Rwanda on Tuesday said the country will put five high-tech robots into use to fight COVID-19 in its treatment centers. "The use of robots in fighting against COVID-19 will help doctors and nurses in reducing their contact with COVID-19 patients and minimizing their risk of infection with the deadly virus," said Rwandan health minister Daniel Ngamije in Kanyinya hospital, in the capital city Kigali.
The robots, donated to the health ministry by the United Nations Development Program and the Rwandan Ministry of ICT and Innovation, have the capacity to screen 50 to 150 people per minute, deliver food and medication to patient rooms, capture data and notify officers on duty about detected abnormalities, said Ngamije.
The smart mobile robots also have functions like facial recognition, temperature screening, monitoring patient's status and keep medical records of the patients, he said. "Because of these capabilities, they will enhance health workers' efficiency and effectiveness in fighting COVID-19 in our country," he said, adding that they would also facilitate the transformation from paper-based to digital patients' files.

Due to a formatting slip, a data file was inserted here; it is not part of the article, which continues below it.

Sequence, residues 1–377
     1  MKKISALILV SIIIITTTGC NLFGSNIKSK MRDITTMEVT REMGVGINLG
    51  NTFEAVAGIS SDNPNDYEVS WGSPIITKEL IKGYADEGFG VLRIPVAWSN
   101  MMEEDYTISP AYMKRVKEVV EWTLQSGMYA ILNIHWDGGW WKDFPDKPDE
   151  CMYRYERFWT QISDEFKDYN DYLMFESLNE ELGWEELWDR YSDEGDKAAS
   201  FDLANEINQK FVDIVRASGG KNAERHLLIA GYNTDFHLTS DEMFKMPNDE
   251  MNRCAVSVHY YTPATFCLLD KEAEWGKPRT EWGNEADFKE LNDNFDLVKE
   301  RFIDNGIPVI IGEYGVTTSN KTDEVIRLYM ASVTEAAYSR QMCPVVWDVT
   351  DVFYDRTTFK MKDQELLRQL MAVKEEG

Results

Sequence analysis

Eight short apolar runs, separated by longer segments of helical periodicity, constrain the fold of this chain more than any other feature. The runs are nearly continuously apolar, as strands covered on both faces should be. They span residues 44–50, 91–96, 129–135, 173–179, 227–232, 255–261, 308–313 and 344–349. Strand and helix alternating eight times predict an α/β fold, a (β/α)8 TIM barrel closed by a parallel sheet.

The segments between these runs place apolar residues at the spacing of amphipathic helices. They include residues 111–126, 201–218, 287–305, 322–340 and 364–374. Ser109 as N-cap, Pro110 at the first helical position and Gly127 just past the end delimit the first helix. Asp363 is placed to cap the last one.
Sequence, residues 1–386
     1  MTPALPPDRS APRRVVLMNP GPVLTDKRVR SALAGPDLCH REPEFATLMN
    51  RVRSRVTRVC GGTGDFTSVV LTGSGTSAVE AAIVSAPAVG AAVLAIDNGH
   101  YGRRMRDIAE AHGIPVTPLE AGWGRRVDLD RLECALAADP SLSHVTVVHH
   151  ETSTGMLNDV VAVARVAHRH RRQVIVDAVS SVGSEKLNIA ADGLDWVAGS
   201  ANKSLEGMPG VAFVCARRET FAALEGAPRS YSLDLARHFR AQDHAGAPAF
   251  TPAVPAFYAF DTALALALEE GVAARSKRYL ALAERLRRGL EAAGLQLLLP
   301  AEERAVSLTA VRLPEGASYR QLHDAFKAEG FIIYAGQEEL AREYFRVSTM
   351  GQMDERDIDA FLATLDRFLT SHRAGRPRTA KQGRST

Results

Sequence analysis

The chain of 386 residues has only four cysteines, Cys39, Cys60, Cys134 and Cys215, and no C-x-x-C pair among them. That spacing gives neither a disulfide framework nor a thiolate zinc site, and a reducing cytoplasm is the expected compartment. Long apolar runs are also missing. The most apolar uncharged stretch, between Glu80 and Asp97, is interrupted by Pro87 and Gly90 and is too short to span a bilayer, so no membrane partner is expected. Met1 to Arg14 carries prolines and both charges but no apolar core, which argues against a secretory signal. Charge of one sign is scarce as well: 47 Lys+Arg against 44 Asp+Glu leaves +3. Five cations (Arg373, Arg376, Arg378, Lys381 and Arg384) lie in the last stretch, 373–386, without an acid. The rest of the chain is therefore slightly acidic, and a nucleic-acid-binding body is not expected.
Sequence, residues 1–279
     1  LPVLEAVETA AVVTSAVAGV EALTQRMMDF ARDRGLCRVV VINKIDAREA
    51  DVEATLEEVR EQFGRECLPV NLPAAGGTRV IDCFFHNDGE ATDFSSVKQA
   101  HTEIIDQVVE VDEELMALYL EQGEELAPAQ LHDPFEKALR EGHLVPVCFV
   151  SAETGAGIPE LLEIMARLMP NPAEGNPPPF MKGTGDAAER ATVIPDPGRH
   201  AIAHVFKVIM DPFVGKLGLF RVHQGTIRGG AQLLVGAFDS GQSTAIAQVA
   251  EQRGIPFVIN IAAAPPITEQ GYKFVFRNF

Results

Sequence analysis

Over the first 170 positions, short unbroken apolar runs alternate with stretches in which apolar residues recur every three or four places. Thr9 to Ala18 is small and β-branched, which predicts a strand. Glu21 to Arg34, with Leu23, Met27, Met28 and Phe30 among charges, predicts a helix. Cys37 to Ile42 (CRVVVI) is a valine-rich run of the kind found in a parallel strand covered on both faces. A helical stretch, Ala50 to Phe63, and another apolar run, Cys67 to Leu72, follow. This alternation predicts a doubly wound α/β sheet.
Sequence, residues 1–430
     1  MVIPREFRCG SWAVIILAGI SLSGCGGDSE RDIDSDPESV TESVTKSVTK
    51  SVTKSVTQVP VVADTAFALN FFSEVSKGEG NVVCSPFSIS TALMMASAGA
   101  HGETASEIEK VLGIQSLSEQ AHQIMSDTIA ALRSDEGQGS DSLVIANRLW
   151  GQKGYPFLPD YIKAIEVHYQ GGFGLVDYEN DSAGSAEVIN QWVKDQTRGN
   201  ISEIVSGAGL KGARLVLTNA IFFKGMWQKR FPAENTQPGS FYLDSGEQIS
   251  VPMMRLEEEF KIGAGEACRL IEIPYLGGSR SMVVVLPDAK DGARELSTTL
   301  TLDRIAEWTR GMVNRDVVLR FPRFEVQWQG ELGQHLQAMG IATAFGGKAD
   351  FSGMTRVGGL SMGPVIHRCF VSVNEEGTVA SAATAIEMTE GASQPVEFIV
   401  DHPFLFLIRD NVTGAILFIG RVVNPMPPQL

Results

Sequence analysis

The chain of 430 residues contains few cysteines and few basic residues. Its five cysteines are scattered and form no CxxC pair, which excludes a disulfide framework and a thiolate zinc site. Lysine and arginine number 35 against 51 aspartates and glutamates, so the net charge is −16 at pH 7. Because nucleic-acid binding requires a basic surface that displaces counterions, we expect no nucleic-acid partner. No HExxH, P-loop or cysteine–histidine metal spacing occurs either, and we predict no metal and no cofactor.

"It is exciting to see different institutions join hands to seek solutions to address COVID-19. It is yet another milestone that technology is used to improve healthcare in Rwanda," said the minister.
According to him, the robots have been given Rwandan names: Akazuba (meaning sun in English), Ikizere (meaning hope), Mwiza (meaning beautiful), Ngabo (meaning shield) and Urumuri (meaning light), which will serve as an interface between the doctor and the patient, thereby reducing exposure of health workers to possible infection of the virus.
As of Monday evening, Rwanda has registered 297 confirmed cases of COVID-19, including 203 recoveries.